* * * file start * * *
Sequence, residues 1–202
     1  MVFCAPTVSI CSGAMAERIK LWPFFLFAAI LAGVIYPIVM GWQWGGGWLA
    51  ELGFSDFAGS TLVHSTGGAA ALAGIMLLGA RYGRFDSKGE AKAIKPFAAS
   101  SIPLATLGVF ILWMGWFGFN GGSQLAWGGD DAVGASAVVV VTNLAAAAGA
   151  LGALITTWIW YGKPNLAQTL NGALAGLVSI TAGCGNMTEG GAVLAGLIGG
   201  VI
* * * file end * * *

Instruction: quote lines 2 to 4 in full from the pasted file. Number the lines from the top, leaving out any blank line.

     1  MVFCAPTVSI CSGAMAERIK LWPFFLFAAI LAGVIYPIVM GWQWGGGWLA
    51  ELGFSDFAGS TLVHSTGGAA ALAGIMLLGA RYGRFDSKGE AKAIKPFAAS
   101  SIPLATLGVF ILWMGWFGFN GGSQLAWGGD DAVGASAVVV VTNLAAAAGA